Relatives and community leaders including the Rev. Al Sharpton shared memories and guidance for moving forward at a funeral held for 18-year-old Michael Brown in St. Louis, Mo., on Monday. Brown was fatally shot by officer Darren Wilson in Ferguson, Mo., on Aug. 9. (Sarah Parnass/The Washington Post)

Mourners are expected to gather at a St. Louis church Monday morning for the funeral services for 18-year-old Michael Brown, who was shot and killed by a police officer in Ferguson, Mo., this month.

The Rev. Al Sharpton plans to speak, according to the National Action Network, and three White House officials are expected to be in attendance. The services are set for 10 a.m. Central time at Friendly Temple Missionary Baptist Church, which can seat more than 4,000 people.

“I think that what we can say is that we must turn this moment into a movement to really deal with the underlying issues of police accountability and what is and is not allowable by police, and what citizens ought to be moving toward,” Sharpton said Sunday on NBC’s “Meet the Press.” “I think that we need to deal with how we move toward solutions, how we deal with the whole aggressive policing of what is considered low-level crimes.”

The Rev. Charles Ewing, a relative of Brown’s, is also scheduled to speak at the services, which are reportedly being paid for by Alpha Phi Alpha, a black fraternity. The teenager’s father, Michael Brown Sr., talked Sunday with a St. Louis radio station and asked for protests in the area to stop Monday.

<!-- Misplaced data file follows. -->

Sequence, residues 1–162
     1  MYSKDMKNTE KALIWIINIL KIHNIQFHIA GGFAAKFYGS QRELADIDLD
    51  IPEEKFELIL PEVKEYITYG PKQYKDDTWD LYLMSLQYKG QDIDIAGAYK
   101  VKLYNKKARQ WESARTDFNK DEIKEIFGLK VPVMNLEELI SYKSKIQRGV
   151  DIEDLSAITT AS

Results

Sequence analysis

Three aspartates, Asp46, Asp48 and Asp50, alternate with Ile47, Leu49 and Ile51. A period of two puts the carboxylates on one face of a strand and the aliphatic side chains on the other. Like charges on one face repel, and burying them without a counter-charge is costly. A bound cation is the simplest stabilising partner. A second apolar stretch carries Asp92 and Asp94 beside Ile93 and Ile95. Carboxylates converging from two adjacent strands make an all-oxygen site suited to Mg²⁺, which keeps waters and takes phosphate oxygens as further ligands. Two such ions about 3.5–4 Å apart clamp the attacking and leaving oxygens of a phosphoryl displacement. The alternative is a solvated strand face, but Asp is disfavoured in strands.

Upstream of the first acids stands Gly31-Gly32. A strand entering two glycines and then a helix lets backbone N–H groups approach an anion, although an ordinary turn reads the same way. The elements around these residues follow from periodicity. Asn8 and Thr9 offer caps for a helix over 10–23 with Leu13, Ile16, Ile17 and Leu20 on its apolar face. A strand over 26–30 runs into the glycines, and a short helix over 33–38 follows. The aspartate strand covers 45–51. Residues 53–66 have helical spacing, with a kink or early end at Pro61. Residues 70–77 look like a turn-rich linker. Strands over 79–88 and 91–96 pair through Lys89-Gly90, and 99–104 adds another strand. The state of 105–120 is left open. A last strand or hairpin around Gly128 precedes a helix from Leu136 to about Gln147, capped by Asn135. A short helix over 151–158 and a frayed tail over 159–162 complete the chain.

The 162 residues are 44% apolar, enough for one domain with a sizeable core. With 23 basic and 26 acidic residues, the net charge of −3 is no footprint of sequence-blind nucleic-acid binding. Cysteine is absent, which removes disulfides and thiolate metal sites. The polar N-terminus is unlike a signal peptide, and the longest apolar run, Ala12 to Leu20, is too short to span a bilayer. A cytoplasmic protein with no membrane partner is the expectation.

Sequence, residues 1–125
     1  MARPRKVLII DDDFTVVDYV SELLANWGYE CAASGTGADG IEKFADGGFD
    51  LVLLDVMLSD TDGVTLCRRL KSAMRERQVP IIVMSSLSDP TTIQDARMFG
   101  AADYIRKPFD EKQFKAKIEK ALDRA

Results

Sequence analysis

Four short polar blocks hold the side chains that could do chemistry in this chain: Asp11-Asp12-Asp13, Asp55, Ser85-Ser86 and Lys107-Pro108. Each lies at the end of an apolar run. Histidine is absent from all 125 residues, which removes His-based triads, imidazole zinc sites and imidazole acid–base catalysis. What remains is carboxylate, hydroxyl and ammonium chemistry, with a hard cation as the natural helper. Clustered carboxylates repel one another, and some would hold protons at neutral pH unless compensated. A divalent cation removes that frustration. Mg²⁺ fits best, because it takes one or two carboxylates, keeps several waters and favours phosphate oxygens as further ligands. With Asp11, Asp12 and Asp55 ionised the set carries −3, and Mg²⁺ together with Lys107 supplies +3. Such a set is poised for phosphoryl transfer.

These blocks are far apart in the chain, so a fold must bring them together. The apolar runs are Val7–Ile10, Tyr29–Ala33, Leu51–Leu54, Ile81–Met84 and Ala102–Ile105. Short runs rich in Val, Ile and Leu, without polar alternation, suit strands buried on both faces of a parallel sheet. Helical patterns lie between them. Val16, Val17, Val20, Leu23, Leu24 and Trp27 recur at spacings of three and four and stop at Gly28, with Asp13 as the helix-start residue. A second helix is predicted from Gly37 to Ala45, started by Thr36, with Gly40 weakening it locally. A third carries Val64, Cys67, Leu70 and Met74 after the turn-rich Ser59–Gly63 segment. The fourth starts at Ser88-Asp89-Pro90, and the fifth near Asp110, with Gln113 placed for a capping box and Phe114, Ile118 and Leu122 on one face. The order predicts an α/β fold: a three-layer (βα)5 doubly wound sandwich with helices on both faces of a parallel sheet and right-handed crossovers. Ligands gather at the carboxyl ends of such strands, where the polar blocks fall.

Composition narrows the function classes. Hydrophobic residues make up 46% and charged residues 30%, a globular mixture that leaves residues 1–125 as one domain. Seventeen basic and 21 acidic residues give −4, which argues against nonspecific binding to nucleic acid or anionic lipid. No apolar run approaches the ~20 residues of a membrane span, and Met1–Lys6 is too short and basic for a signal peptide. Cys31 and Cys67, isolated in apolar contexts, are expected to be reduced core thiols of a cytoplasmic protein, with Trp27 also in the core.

“I would like for no protesting going on,” Brown said during the interview, according to a BuzzFeed report. “We just want a moment of silence that whole day, just out of respect for our son.”

Police officer Darren Wilson shot the younger Michael Brown on Aug. 9 in Ferguson, a suburb of St. Louis. Crowds have gathered in the area in the days that have followed, and their protests have drawn a heavy police response.

Brown was unarmed. He was hit multiple times, according to autopsy reports. Many details of the shooting remain unclear, however; police have said there was apparently a struggle over the officer’s gun, while a friend of Brown’s has told authorities that Wilson was the instigator.

Brown’s body lay on Canfield Drive for hours afterward, and Wilson, 28, has not been seen in public since his name was released. The case went to a grand jury last week, but deliberations are not expected to conclude until the fall.

“We know this is of interest to a lot of people around the country,” Edward Magee, a spokesman for St. Louis County Prosecuting Attorney Robert McCulloch, said last week. “We’re going to do this fairly and also attempt to do it in a timely manner.”

Over the weekend, supporters of Wilson gathered at a St. Louis tavern. As the pro-Wilson rally and fundraiser entered its second day Sunday, dozens of them lined both sides of the street in front of Barney’s Sport Pub, holding handmade signs in support of the officer.

Three hours into the rally, there was no sign of counter-demonstrators, who had a tense standoff Saturday with Wilson backers.

Motorists either honked in support or yelled from their windows voicing disapproval.

The mother of Trayvon Martin, Sybrina Fulton, spoke at the Peacefest rally in St. Louis on Sunday. (Reuters)

“Racists!” one woman shouted as she drove by.

“You should be ashamed of yourself!” yelled a man as he sped along.

The man’s comment was directed at Robin Clearmountain, an African American woman who 10 years ago worked as director of multicultural affairs for the Florissant Police Department.

Clearmountain paced up and down the street, weaving through traffic with a sign that said “Support Officer Darren Wilson” and holding a bag out to motorists, asking them to give money to help the officer.